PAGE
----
Overviewdistance: 6 miles roundtrip (to bridge)
elevation gained: 1,600 feet
The Jess Weaver Trail follows No Name Creek and is one of the best hikes in Glenwood Canyon. No Name Creek is perennial and its flow is supplemented by a diversion that brings water from the larger Grizzly Creek drainage into the No Name basin to supply the City of Glenwood Springs with water. In fact, the intake pipes for the water supply are just upstream from the Jess Weaver trailhead.
The Jess Weaver trail is well-defined and maintained but can be strenuous at times. Between the three main side canyons in Glenwood Canyon (No Name, Grizzly, and Hanging Lake), No Name is the least traveled. As a result, this is a good place to get a fun workout without having to deal with the same summertime crowds of those other spots. That isn't to say, however, that the Jess Weaver trail has escaped the burdens of population; on the busiest summer days solitude is unlikely and even finding a place to park can be a challenge.
The Jess Weaver trail is also notable as one of the more popular climbing destinations in the Glenwood Springs area, particularly for trad climbers. The first half mile of this route passes several large granite cliffs on both sides of the creek (and trail). There is a concentration of good routes in this area, with everything from 5.1 top ropes to difficult 5.12 trad. There is a potential, also, for future development.
Getting ThereFrom Interstate 70 exit 119 turn north onto CR 129 and follow No Name Creek .4 mile until you come to a gate and a small pull-off on the left. There is a house here but access around the gate along the road is perfectly legal.
Route DescriptionThe Jess Weaver Trail is a little shorter and a little steeper than the Grizzly Creek trail. The three-mile route starts at a small parking lot on the north side of I-70 and follows No Name Creek past a diversion intake for the town water supply (mile .4) and up a long, moderately steep trail for three miles to a bridge. The trail is good the entire way, though at peak runoff you might have to circumnavigate creekwater in a couple of locations.
There are wooden posts that mark the miles along this trail, and though they aren’t exact, they are close enough to provide a good measure of your progress. The section from the parking area to the first milepost is the most popular part of the trail. In this first mile you hike up the road past the water-intake (mile .4) to where the actual trail begins and then into the forest. You will cross a small log plank at mile .7. Not far after the first mile-marker the trail switchbacks up the hill away from the creek to avoid a mini-gorge (mile 1.2) and then traverses along a hillside past a small waterfall on a side creek (mile 1.5) that is icy in the winter. Cross another creek at mile 1.8 not far after the trail rejoins the creek. The trail gets steeper after the second milepost.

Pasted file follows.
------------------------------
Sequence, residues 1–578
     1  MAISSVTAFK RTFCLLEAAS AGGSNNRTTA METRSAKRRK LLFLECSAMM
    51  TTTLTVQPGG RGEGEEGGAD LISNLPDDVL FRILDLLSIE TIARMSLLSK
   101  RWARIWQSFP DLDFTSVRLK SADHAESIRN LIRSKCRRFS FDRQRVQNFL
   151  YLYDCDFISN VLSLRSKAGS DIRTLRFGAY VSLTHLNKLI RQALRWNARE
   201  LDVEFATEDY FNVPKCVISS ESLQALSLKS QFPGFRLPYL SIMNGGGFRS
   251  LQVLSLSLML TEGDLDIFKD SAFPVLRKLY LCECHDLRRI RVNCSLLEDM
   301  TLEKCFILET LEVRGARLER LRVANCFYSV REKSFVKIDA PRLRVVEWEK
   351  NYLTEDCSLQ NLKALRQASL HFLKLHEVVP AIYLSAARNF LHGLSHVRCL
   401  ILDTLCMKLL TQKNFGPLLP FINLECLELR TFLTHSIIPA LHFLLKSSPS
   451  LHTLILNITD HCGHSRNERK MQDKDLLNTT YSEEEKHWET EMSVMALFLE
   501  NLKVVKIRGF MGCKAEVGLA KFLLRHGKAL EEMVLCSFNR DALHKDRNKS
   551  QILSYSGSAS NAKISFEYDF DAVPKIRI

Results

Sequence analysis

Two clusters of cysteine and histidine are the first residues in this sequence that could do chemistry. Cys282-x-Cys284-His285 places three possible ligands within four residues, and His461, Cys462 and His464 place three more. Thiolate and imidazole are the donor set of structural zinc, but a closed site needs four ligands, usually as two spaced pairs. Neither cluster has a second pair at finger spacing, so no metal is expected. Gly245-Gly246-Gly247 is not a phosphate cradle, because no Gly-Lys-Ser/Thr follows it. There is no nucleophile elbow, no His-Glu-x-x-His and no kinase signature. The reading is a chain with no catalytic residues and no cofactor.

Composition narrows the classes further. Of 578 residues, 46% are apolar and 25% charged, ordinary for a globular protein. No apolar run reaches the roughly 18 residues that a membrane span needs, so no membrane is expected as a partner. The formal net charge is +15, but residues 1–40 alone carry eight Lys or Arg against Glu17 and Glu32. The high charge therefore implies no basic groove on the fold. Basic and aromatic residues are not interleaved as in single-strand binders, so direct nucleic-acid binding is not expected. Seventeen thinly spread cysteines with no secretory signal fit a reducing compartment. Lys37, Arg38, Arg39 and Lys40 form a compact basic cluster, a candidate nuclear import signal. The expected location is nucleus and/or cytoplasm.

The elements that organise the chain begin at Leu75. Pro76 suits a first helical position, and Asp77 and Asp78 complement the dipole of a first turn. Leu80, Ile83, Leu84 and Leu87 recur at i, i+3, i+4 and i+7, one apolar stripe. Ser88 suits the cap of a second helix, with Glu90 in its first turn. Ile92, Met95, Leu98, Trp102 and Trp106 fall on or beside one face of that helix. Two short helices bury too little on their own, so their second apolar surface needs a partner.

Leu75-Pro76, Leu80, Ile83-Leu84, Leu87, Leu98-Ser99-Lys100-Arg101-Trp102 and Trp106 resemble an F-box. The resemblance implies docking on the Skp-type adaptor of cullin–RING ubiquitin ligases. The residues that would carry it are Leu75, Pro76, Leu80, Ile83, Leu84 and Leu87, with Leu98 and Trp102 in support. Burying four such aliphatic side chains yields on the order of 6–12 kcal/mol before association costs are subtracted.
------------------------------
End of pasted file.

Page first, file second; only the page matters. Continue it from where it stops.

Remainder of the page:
Climb steeply up somewhat loose talus (the trail is still well-defined) before rejoining the creek for one last push. When you pass the third milepost it isn’t far to the bridge. At the bridge the trail crosses to the east side of the creek and turns right (downstream) before quickly petering out. Continuing farther requires patience, route-finding skills, and possibly a machete to clear dense scrub-oak and wild rose thickets.
Per Cheeseburglar: "Past the 3 mile bridge the trail goes up then peters out, but never dies. There are some down trees, a bunch of stinging nettles between ~miles 4-5, a colony of very fat marmots, and the bridge is out at mile 5."
Note: The mileposts are actually a little off: it is 2.9 miles to the bridge. The route gains about 1,600 feet.
WildlifeIn the many years I have been hiking this route, I have seen a wide variety of living creatures. Everything from squirrels and swarms of butterflies to bull snakes. One animal, however, that I have seen more of up here than any other place in the Roaring Fork Valley area is black bears. We have had some VERY close encounters on this trail, particularly when the raspberries are in full season. It seems like almost every time I have gone to the top of this route I have at least some sign of bear activity, be it scat or paw prints or claw marks on trees. The second milepost in particular looks like it has been ravaged by something, this size of the scratch marks led me to believe it was bear. Enjoy the wildlife! But be cautious that you dont stumble upon a mother black bear and her cubs.
ClimbingThere is good, traditional climbing in No Name Canyon that is accessed off the Jess Weaver route. While not as expansive or quality as say Eldo or Unaweep, having this little trad climbing area within five minutes of my house has been a huge blessing. The rock is very good and the gear challenging enough to provide ample training for more challenging and committing climbs elsewhere. Although mostly moderate, No Name offers a fair selection of routes in the 5.10-5.12 range that will challenge experienced climbers. The established walls are accessed between mile .1 and .4 mostly on the east side of the trail, but there is some on the west as well. The routes are mostly traditional though there is some top-rope potential as well. Routes have been established now in most every difficulty between 5.6 and 5.12, making this a good place to climb for both beginning and expert trad climbers alike.
The climbing at No Name can be divided between 4 separate walls, the Beginner Slabs, the CMC Wall, the Creekside Buttress, and the Posion Ivy Wall.
The Beginner Slabs
An easy place to climb with some cake top-rope at the high 4th class to 5.0 range and a handful of short moderates. The moderates here, however, tend to be dirty and under-climbed.
|Super Easy Slab||TR||5.0||A good one to put young kids and rank beginners on. Scramble up to the somewhat hidden anhcors for high 4th and low 5th clas top roping!|
|Tree Slab||TR||5.6||Another easy route a small step up from the one to the right.|
|Wide Crack||trad||5.8||A wide crack up a short wall. May have some dirt and shrubbery.|
|Center Face||trad||5.10a||Short, challenging, and seldom climbed. Pin and bolt anchor.|
|Left Crack||trad||5.9||Left of the arete following a thin crack to a two-bolt anchor.|
The CMC Wall